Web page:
Dumb question

I’m about to show my youth and ignorance here with regard to the Vietnam War (’cause even though I lived through it, I was truly a child then). But first, let me back up a bit. Mr. Bookworm rented Julie Taymor’s Across the Universe. If you haven’t heard of it, it’s a film with an interesting conceit: Ms. Taymor takes 33 of the Beatles songs and interweaves a story around them. As a musical, it’s pretty successful. Bucking trends in musicals for the last 40 years, she chooses actors who actually have really good singing voices. Also, showing her background in theater and puppet work, it’s a visually impressive movie, if you don’t mind that she goes over the top sometimes. That’s the praise.

Now for the criticism: The movie is set during the Vietnam War era and is totally anti-War. American soldiers are shown as brutal robotic types who work for a military that takes sweet, innocent young men and throws them into the maw of hell. Anti-war protests are shown as seminally important events that simultaneously reveal the grossness of American policy in Vietnam and that allow wholesome, moral young Americans to find a place for themselves in opposition to the evil war. In this regard, the movie is both a babyboomer nostalgia trip and a nudge-nudge wink-wink anti-Iraq War movie. So, even as the movie is beautiful to look at and lovely to hear, it offends me. It’s blithe acceptance of the 60s Leftist tropes is so facile as to be almost grotesque — but it did leave me thinking.

The street protest I mentioned above culminates with a speaker talking about American imperialist aggression and Americans as baby killers. What I wondered very much was how and where this angle on the war started. Truth to tell, it sounds precisely like the kind of talking points you can see brooded over by a handful of people attending some secret Communist meeting in a grimy NY basement apartment.

Looked at objectively, from the point of view of a whole nation, the “our nation is evil” idea is kind of fringey. That being the case, how did it gain so much currency? Why did Americans embrace this paradigm about the war instead of viewing the War — as John F. Kennedy, their hero, viewed it — as a necessary (for America) way to stop worldwide Communist aggression and as an act of decency to keep the Vietnamese free? Where did Americans get the idea, stated in this movie, that the Vietnamese wanted us to go? Maybe the North Vietnamese, who were Communist puppets did, but I was under the impression that the South Vietnamese were desperate for us to stay there and protect them from a Communist takeover — a takeover that, when we pulled out, was even more horrific than anyone had anticipated. (One of my most vivid pre-teen memories is of the extraordinary panic on the ground, amongst ordinary Vietnamese, when the Americans pulled out.)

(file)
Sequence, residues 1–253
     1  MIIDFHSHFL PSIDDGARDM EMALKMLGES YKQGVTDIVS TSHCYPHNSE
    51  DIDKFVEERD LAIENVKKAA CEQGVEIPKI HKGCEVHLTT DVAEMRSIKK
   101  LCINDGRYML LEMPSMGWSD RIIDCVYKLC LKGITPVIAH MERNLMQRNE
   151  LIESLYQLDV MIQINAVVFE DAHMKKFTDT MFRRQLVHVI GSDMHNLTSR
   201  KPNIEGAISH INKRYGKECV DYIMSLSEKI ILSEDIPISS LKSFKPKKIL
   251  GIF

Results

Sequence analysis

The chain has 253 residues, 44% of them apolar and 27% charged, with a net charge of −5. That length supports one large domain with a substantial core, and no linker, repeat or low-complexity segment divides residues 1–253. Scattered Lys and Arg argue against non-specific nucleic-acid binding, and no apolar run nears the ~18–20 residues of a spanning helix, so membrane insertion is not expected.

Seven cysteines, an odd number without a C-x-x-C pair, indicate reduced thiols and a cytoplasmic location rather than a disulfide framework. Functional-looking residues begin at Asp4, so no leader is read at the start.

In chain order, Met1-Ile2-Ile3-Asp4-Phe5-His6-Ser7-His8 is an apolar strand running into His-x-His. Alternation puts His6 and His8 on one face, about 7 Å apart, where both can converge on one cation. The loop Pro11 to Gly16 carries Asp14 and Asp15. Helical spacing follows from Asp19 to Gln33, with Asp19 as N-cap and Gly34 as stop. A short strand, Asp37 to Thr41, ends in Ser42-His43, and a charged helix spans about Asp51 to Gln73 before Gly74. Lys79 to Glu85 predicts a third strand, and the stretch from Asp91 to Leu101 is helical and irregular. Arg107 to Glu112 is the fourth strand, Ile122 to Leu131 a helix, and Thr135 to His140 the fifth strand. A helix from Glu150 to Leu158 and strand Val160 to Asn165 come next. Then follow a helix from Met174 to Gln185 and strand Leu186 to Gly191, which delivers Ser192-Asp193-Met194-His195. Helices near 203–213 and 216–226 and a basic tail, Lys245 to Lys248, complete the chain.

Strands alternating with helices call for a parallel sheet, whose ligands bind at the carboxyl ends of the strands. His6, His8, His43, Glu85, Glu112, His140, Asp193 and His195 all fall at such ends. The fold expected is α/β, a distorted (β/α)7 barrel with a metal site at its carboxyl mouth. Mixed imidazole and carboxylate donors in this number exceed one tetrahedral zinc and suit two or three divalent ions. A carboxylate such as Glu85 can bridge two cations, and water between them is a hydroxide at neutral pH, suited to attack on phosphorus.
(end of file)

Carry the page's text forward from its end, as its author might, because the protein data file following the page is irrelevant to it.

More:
In the current War, from the first second, the Leftists just leapt upon the Vietnam War template, dragging their old signs out, and replaying the identical scenario, with a sympathetic media to help out and spread it amongst people who normally wouldn’t give too much of a rat’s ass one way or another. It’s been like watching a re-run. But who created the original 1960s script, and how did it spread so rapidly and effectively that it became the accepted view that our American men and boys were brutal, imperialistic babykillers — end of story?

Did the original script come from the Kremlin, which was gleefully spreading misinformation, or was it an organic, homegrown Leftist process? Was it embraced so quickly because, after the Korean War, we were sick of getting involved in jungle fighting in the Far East? Or was the draft the problem, with articulate, well-read, generically liberal/Leftist students suddenly having a vested interest in saving themselves — and shooting further Left in the process? And if it’s the latter explanation — that is, the draft created self-interested young people who would rather attack their own nation and leave the Vietnamese in hell than put themselves at risk — why didn’t the draft create precisely the same problems with WWII?

I know I’m asking a lot of questions, but it suddenly occurred to me that, while I’ve always seen the end result of anti-Vietnam War agitation, I’ve never understand how the theme came into being and how it got a toehold in the American psyche and the American body politic.

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  • Joseph T Major

    I suggest you read “Camelot and the Cultural Revolution: How the Assassination of John F. Kennedy Shattered American Liberalism” by James Piereson (Encounter Books, 2007). The “our nation is evil” idea came about, he says, because the people spreading it wanted to believe that JFK had died for the cause of civil rights, stricken down by a wave of hate from the heart of America. Hence on the one hand, assassination conspiracy theories including everyone down to the men’s room janitor at the CIA, and on the other, the chastising of Eeevil AmeriKKKa.

    An illuminating work.

  • swampacreage